In addition to the direct pressures that PHLs report from the presence of managed care, there are a number of other health market forces that may be contributing to the uncertainty of the laboratory services marketplace for PHLs.
The major concerns focus on potential privatization of public health functions, trends in the private clinical laboratory market (e.g., emergence of large reference laboratories, hospital laboratory consolidation), and diminishing fiscal viability of some PHL testing services. Specifically, PHL stakeholders proposed three main hypotheses on the possible impact of change in the non-managed care health market on the functions of PHLs:
- PHLs will lose testing volume as some privatization of laboratory functions occur, with subsequent outsourcing of testing services to private clinical laboratories.
- PHLs traditionally playing a large role in disease reporting fear a lack of responsiveness to disease reporting requirements on the part of large, independent reference laboratories, especially in cases where specimens are processed at regional branch laboratories outside of the originating geographic state of the specimen.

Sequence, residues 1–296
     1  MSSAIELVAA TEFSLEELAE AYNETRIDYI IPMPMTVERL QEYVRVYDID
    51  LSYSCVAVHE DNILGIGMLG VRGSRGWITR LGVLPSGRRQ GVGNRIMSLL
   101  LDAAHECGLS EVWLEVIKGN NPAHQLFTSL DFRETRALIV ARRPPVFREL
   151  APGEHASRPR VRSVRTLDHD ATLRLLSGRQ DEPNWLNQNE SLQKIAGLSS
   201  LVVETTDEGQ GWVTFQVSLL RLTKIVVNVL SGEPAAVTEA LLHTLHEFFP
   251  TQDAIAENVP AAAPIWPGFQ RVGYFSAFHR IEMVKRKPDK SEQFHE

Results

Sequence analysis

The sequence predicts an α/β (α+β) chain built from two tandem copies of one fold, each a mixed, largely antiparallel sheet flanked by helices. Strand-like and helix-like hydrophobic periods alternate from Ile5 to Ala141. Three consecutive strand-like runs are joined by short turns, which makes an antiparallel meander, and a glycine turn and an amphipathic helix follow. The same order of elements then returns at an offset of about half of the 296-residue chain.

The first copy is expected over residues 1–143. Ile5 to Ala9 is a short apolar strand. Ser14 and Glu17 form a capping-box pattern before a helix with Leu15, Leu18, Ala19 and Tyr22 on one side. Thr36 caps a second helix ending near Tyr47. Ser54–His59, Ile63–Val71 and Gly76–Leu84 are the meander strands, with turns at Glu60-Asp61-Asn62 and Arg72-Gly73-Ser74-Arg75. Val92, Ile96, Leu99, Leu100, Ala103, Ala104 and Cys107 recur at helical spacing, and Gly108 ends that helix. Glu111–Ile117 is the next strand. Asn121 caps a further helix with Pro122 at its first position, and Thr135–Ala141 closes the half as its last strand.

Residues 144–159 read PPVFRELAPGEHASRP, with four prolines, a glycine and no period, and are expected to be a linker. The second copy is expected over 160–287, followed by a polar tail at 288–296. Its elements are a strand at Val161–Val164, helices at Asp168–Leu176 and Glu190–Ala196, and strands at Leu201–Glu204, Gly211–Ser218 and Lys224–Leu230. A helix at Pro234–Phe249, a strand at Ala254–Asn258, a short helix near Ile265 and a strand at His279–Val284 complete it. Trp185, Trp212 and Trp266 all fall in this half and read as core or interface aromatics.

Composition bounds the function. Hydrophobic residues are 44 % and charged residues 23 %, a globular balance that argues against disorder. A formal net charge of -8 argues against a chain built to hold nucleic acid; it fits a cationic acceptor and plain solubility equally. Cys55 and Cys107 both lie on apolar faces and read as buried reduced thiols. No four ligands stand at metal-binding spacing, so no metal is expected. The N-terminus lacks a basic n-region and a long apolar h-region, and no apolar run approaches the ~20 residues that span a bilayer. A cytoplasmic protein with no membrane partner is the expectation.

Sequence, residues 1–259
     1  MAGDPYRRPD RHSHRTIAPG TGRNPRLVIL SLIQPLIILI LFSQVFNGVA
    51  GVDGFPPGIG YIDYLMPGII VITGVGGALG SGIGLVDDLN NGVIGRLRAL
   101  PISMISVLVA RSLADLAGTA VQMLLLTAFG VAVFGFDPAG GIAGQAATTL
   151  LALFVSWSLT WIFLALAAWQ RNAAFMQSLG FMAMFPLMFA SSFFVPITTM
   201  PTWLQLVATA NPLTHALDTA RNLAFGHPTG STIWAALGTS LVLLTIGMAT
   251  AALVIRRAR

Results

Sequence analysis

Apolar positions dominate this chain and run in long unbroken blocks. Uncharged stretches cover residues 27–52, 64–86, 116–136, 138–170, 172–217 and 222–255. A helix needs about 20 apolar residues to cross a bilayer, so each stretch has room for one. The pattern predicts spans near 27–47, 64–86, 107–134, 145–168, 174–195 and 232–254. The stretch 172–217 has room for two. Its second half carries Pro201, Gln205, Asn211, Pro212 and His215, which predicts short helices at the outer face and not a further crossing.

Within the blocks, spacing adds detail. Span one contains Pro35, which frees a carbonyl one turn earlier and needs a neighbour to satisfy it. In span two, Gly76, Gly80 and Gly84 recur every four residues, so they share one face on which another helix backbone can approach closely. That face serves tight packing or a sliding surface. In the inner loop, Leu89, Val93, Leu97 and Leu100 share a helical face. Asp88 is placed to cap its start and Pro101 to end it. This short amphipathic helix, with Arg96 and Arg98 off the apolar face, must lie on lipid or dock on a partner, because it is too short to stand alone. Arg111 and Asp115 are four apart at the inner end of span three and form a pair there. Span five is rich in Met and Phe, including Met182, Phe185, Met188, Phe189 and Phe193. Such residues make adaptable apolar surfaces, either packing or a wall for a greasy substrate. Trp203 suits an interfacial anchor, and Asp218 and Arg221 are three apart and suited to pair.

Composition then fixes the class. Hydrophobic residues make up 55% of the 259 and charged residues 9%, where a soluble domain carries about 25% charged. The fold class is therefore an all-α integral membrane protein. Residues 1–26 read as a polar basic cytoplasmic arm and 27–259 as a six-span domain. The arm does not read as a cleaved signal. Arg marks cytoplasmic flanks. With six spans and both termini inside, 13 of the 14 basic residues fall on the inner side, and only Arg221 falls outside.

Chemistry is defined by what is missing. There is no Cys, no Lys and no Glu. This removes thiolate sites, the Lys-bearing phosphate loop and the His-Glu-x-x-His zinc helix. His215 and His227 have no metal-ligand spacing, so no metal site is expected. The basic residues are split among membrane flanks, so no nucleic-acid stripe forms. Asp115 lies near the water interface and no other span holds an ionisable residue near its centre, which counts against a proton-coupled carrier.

- PHLs may have increased testing volume for select services such as tuberculosis testing without a commensurate increase in laboratory revenue.
Figure 16: Impact of Other Health Market Changes
Our poll results found that PHL directors believe that non-managed care health market changes are having adverse effects on PHL practices and functions. Of the 49 PHL directors responding, 27 reported some impact on laboratory function due to non-managed care health market changes, with PHL directors from 20 states (41%) reporting adverse impacts on laboratory functions due to these changes (see Figure 16 above).